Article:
Who Is Responsible For Bloodshed?
About ten years ago, some people in Jerusalem believed that their children were being molested by a missionary pedophilia ring masterminded by an elderly woman who was running it out of secret dungeons in her basement. One man, along with some associates, broke into this woman's home and beat her up, breaking her bones, but did not find any dungeons. When he was caught by police, he declared that he had been acting under instructions from Rav Moshe Shapira, a brilliant mystical scholar much revered in Anglo-charedi circles. (Full disclosure: He was also one of the primary forces behind the ban on my books.)
Rav Shapiro put out a letter strongly condemning the man's actions and asserting that the woman was innocent of any wrongdoing. He also pronounced the declaration mentioned in today's Torah reading about the procedure of eglah arufah, the unsolved murder, in which the elders declare, "Our hands did not spill this blood."
However, the man produced a secret video recording, since circulated by the news media. In this recording, Rav Moshe explicitly told him that the police will not stop this woman and that he should beat her up to the point of hospitalization or beyond. (The police subsequently arrested Rav Moshe for incitement to violence.)
Now, perhaps one can argue that if the woman was indeed masterminding a pedophilia ring that the police were not doing anything about, then vigilante action is indeed necessary (though personally I would think that one should exercise extreme humility and caution before drawing such conclusions). But whether or not that is the case, one thing is clear: Rav Moshe really did encourage the man to severely beat her, and thus whether the man's actions were right or wrong, Rav Moshe bore some responsibility for them. And to cite the verse of "Our hands did not spill this blood" was completely inverting the meaning of the eglah arufah procedure.
The mitzvah of eglah arufah is difficult to fully understand, and the commentaries give a variety of explanations. However, whatever the precise significance of the ritual and the meaning of the proclamation, it's clear that it's fundamentally about taking responsibility, not absolving oneself of it. When there is a murder, every attempt must be made to find the killer. If this fails, one doesn't simply throw up one's hands and move on - an entire procedure of atonement is required. As Rashi explains, the leaders are required to attest even that they didn't even cause people to be so hungry that they are driven to murder others for sustenance. Now, being responsible for poverty is hardly the same as being responsible for murder, and yet the Torah still considers them to be related. Rambam says that the leaders must likewise attest that they have taken sufficient measures to ensure public safety. We see how much the Torah demands responsibility from leaders.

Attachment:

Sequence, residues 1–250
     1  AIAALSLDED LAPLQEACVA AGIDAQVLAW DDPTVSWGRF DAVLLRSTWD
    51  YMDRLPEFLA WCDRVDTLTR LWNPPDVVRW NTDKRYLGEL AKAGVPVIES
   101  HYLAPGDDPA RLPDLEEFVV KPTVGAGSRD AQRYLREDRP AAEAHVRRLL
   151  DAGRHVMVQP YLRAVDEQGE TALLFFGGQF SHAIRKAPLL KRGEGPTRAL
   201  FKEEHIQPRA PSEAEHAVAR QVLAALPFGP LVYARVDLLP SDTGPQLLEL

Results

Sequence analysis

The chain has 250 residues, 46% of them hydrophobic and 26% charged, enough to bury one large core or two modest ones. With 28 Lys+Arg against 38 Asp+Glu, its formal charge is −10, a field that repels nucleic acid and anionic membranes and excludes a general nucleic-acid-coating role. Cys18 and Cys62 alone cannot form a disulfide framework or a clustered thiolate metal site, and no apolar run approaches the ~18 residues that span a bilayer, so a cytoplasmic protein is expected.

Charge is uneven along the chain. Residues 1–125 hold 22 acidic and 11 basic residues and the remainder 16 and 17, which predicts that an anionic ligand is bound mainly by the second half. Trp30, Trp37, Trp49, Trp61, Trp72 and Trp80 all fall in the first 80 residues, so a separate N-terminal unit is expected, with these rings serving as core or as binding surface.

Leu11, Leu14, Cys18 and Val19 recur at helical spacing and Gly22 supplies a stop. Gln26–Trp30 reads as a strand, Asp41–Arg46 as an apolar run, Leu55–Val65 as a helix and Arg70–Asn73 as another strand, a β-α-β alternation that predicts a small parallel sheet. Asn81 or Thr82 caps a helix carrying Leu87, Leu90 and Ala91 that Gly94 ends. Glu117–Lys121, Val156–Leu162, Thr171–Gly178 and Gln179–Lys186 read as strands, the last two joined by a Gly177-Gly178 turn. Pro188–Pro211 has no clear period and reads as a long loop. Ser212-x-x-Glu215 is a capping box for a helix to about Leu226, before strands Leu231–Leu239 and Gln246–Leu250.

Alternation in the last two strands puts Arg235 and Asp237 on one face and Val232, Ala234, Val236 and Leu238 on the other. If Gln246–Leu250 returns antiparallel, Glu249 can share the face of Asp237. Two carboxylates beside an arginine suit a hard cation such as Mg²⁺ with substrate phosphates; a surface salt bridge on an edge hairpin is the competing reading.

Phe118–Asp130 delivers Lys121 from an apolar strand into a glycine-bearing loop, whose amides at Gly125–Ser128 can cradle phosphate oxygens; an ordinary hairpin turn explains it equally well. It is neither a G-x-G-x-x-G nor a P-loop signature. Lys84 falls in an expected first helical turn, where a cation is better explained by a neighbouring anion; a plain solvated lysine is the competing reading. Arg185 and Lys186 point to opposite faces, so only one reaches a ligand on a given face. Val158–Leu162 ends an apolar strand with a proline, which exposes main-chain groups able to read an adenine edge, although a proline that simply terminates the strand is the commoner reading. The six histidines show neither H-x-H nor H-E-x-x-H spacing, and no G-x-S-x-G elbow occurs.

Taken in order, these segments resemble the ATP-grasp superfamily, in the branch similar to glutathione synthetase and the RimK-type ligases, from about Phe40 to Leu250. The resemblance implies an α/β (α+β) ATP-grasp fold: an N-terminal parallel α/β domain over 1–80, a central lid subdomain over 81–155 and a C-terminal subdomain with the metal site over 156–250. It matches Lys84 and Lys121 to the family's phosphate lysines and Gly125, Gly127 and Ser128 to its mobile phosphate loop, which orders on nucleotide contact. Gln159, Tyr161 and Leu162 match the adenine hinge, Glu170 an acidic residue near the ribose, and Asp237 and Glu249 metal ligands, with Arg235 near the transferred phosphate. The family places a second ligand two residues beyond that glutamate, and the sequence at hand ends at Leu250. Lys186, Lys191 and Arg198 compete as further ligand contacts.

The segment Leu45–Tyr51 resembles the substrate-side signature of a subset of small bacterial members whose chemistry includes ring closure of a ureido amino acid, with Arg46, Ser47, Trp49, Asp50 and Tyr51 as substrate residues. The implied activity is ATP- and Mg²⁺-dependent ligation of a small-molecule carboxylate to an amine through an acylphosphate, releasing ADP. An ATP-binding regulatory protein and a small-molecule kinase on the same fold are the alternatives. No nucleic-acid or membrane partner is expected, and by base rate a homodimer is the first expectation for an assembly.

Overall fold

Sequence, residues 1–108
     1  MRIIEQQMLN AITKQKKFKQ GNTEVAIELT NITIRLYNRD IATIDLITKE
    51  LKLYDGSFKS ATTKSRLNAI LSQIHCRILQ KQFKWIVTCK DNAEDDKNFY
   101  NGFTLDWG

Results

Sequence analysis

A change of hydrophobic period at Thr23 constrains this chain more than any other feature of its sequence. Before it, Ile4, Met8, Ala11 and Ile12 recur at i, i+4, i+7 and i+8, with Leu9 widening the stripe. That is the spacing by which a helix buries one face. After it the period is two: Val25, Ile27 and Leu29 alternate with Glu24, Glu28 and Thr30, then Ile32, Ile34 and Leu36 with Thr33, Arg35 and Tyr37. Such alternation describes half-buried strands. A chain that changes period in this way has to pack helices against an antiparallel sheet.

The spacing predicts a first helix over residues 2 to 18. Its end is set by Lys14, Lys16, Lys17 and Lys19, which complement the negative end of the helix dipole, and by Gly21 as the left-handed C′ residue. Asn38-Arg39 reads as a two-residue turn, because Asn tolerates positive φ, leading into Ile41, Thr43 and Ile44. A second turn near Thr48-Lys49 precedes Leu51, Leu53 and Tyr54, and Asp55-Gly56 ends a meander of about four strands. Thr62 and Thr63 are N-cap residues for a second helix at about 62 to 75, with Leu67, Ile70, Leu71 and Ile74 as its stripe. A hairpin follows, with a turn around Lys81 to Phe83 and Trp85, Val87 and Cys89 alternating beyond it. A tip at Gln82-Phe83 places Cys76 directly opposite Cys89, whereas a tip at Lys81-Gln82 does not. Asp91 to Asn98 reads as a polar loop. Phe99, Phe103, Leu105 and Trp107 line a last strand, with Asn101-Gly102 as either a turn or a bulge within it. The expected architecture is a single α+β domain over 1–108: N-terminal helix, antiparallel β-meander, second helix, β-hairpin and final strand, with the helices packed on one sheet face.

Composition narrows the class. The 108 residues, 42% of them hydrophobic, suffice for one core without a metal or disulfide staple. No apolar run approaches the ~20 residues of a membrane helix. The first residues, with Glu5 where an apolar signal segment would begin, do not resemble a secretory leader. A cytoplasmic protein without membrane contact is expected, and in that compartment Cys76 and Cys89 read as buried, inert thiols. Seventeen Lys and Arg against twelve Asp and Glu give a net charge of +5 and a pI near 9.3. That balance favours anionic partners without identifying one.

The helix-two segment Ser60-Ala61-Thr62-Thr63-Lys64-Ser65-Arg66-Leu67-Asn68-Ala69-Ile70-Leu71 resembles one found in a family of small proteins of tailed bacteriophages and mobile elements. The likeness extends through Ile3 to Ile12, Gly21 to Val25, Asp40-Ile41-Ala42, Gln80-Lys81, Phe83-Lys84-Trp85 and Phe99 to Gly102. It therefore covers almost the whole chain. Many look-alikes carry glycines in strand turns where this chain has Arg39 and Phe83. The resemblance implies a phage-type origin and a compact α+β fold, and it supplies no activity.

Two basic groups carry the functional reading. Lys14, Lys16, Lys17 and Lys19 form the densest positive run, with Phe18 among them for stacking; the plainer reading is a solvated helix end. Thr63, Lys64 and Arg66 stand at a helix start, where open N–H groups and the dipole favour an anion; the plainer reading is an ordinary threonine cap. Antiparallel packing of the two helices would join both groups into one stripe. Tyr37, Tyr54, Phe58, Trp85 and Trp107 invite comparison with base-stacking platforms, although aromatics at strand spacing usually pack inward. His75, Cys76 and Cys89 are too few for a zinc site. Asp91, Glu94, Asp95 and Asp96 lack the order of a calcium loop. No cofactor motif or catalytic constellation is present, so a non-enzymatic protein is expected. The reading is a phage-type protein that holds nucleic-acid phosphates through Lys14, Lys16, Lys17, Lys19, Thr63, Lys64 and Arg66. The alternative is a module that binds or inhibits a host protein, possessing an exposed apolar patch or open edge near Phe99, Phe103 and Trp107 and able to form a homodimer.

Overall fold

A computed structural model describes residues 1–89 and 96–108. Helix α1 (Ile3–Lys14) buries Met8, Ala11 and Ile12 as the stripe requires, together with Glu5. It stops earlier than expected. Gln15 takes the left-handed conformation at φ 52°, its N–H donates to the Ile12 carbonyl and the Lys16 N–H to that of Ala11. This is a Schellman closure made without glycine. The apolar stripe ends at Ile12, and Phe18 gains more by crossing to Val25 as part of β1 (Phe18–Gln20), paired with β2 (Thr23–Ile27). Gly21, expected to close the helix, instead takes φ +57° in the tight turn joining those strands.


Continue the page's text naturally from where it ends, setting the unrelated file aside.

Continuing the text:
I was reminded of all this over Shabbos, not just because of the parashah, but also because of a drasha I heard from our community rav. He pointed to this message of eglah arufah in the context of bemoaning last week's news about the Meron Commission of Inquiry.
After a year of interviews, the State Commission of Inquiry into the Meron tragedy sent warning letters to eighteen officials, including police chiefs, the minister of religious services at the time, and Bibi. The Commission noted that they are limiting their mandate to those who served in official roles at the time, even though there were many others without official roles who were involved in pressuring the officials to bypass normal safety protocols.
It's important to understand that a tragedy of that magnitude could not have happened without a very large number of people being complicit. As someone who runs a public institution, I am all too familiar with how many safety codes and regulations one has to painstakingly fulfill in order to receive a license to operate. And that's for a relatively small institution with a capacity of several hundred people - once you're talking about events with tens of thousands of people, the dangers are exponentially greater and the safety requirements vastly more serious. Meron could not have bypassed all those codes for years, especially after several reports from the State Comptroller's office warning of the dangers of the site, without numerous people "greasing the wheels."
So, there were numerous important people, leaders and safety officials and influencers, who were together responsible for the loss of 45 lives, the worst civil disaster in the history of the country. And how many of them have stepped up to take partial responsibility? Not a single one.
To that disgrace, one can add that the underlying cause for enabling such a dangerous event to take place - charedi separatism and disregard for civil law and the laws of science - is likewise not something for which any charedi leaders are admitting any error.
If a communal atonement by leaders is required for a single murder which cannot be solved and which is not actually their responsibility in any way, imagine what kind of atonement is required for the loss of 45 lives in which the cause of death is obvious and lies with the leaders themselves.
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